“A Slower, Smoother Slide:” Stanford Profs Test Earthquake Tech That Could Save Homes

Discs would let homes roll over rumbling

A Stanford engineering professor has developed a home that's survived over a dozen of the world's most destructive earthquakes.

Professor Greg Deierlein is testing his "seismic isolator" technology through simulated earthquakes at a facility in San Diego. He thinks the small discs he's developed to sit between the structure of a home and its foundation could be the key to a truly earthquake-safe home.

"When you think about large tracts of development, townhouses being built on these isolators, it could totally mitigate one of the large risks we face here in California," Deierling said.

Lots of earthquake research has gone into protecting bridges and high-rise buildings, Deierlein said, but his focus is on single-family homes and apartment buildings.

Using this system, a series of seismic isolators are placed on a steel plate below the structure, above the foundation. They're meant to let house roll over the shaking below.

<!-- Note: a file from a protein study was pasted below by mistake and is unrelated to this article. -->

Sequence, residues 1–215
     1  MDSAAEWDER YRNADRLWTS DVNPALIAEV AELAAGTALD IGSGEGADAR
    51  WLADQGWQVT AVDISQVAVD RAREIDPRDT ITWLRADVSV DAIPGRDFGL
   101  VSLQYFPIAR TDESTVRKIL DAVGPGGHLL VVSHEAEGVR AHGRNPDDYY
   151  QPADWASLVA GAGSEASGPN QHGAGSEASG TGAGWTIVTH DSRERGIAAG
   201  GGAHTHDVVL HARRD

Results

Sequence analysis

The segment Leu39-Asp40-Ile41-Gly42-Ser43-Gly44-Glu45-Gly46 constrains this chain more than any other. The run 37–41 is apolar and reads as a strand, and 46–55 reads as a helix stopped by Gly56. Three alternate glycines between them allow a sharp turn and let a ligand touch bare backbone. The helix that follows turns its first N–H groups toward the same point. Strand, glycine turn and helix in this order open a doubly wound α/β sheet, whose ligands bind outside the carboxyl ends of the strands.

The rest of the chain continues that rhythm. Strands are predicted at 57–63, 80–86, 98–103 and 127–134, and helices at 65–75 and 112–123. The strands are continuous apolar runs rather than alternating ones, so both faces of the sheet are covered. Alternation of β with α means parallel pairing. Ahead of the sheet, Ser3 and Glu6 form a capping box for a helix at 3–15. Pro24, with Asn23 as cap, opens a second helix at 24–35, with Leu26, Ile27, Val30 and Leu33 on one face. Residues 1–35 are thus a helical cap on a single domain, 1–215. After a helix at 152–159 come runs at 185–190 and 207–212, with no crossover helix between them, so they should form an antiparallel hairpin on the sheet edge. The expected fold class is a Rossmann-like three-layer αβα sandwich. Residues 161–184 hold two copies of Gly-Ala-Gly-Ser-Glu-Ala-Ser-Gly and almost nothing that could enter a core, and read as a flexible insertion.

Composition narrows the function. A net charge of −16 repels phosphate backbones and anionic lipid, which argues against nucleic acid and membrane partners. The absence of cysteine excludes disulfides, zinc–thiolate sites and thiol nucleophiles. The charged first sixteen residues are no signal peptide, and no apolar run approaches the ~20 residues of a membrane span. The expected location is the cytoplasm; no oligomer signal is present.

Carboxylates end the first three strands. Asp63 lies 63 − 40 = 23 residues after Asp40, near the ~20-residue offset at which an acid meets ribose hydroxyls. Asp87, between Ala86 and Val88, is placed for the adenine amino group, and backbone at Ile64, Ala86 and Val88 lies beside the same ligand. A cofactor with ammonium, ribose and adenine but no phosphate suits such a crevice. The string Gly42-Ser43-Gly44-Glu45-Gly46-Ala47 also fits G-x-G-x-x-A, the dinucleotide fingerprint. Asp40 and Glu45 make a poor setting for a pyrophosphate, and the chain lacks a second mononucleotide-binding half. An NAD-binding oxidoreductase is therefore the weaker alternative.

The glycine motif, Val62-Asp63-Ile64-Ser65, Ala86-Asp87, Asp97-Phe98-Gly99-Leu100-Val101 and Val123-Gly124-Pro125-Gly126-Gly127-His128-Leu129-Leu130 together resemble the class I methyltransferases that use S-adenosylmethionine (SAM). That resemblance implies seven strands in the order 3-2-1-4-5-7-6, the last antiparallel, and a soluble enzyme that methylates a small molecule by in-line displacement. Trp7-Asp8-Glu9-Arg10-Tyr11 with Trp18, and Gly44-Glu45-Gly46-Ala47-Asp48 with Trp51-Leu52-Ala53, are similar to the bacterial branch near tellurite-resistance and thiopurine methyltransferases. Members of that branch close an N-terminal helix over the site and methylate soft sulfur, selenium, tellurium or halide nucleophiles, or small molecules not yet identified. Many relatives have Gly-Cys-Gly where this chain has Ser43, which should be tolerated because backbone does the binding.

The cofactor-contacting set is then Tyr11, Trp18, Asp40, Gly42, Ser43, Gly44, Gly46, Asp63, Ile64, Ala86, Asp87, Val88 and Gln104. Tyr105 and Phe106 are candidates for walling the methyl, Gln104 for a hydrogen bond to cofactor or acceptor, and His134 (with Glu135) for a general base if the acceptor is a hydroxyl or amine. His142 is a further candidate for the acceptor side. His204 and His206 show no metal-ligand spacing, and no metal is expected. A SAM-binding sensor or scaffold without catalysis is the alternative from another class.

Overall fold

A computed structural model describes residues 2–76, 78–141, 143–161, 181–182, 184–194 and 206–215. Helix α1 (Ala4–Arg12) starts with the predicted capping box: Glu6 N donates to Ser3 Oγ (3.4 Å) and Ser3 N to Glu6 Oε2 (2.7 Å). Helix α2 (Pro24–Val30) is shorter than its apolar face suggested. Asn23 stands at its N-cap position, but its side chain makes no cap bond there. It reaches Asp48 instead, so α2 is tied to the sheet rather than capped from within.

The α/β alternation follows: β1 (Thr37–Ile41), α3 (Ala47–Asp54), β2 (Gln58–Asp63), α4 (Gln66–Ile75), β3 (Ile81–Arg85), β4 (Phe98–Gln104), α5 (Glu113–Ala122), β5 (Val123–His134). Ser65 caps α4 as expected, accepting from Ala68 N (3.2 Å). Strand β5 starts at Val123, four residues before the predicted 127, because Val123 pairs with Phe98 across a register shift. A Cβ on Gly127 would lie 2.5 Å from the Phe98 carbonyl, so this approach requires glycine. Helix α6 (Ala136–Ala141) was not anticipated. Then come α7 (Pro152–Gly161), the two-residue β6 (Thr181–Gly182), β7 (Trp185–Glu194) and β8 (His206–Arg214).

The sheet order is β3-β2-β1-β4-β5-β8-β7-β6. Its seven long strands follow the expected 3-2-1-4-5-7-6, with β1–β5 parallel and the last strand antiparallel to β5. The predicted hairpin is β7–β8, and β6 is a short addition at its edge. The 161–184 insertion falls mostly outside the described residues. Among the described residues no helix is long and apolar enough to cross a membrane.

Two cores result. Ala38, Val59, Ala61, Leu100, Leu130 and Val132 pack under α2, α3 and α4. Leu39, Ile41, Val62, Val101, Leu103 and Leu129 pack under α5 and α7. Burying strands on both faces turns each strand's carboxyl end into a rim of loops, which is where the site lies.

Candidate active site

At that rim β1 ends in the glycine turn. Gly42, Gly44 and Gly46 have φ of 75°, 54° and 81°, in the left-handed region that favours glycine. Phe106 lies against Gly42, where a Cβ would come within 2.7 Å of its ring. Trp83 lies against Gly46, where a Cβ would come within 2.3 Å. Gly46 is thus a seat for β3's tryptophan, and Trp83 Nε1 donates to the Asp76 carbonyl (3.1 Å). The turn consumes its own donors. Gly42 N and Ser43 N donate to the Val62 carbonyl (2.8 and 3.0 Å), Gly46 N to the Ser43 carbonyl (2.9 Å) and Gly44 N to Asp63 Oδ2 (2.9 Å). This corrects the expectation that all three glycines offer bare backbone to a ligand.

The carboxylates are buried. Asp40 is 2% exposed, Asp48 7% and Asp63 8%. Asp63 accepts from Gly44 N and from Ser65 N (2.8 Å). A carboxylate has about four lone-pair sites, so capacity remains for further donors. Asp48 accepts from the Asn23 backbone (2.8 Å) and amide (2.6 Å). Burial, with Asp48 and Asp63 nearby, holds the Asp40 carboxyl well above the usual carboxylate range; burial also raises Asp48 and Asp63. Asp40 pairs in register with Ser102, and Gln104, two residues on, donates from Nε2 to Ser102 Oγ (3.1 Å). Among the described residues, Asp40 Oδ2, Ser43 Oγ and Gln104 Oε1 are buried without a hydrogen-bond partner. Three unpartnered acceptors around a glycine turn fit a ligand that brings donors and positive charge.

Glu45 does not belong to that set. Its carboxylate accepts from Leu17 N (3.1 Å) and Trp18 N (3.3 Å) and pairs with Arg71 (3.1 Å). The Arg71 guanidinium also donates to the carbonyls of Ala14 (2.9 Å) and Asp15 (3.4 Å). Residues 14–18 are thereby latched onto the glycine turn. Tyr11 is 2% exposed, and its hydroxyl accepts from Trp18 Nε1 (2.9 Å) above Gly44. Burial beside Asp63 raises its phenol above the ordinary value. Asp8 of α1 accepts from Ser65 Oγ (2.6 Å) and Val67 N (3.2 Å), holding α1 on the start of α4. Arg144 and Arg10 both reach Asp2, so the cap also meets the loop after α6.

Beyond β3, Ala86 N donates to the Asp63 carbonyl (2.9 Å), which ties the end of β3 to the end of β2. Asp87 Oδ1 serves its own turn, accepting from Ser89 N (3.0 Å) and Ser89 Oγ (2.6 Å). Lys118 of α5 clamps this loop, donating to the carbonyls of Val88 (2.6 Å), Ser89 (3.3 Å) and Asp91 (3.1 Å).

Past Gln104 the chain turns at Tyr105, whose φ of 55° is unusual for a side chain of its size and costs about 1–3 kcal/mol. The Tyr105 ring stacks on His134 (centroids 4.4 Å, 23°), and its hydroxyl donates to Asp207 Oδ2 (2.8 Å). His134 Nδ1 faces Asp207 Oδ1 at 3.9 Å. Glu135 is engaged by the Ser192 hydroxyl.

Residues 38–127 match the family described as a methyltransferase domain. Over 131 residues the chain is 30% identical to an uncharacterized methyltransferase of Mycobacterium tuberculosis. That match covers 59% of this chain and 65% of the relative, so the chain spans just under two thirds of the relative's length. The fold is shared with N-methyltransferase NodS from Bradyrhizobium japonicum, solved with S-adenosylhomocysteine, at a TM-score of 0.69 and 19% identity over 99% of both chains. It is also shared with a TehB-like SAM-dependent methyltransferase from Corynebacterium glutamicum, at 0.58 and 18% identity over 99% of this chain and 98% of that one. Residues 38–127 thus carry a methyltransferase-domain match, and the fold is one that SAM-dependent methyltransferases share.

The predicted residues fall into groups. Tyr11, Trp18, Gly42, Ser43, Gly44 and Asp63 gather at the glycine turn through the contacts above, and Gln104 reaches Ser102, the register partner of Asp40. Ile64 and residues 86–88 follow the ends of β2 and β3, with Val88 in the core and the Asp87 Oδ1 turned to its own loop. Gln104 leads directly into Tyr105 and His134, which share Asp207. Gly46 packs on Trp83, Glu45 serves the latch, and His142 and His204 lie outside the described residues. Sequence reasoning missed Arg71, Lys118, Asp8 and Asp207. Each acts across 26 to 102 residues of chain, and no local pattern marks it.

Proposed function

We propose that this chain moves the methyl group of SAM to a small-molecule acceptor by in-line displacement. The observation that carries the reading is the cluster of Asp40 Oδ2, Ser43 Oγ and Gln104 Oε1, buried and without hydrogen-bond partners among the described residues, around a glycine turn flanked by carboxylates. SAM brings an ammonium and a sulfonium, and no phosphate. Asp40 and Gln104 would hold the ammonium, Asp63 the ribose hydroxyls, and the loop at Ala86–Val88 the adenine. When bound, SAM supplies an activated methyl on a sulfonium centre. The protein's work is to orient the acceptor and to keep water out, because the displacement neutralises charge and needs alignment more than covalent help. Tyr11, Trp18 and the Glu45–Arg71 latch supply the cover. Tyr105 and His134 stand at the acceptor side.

Deierlein's model home survived unscathed simulated earthquakes, like the 6.8-magnitude 1994 Northridge temblor, even though the home shakes back and forth by up to 15 inches.

"It's just sliding back and forth, but it's not a very violent slide, rather a smoother, slower slide," said Eduardo Miranda, another Stanford engineering professor working on the project.

Tests say the homes can survive the worst earthquakes seen in human history, according to Miranda, a survivor of the deadly 1985 Mexico City earthquake that killed at least 10,000.

The idea of earthquake safety preparation is to save lives and make homes more resilient, according to Dr. Lucy Jones, a scientist with the U.S. Geological Survey and the city of L.A.'s earthquake czar.

"The biggest growth decade in the history of Los Angeles is the decade after the 1906 earthquake, as people abandoned San Francisco and moved south," Jones said.

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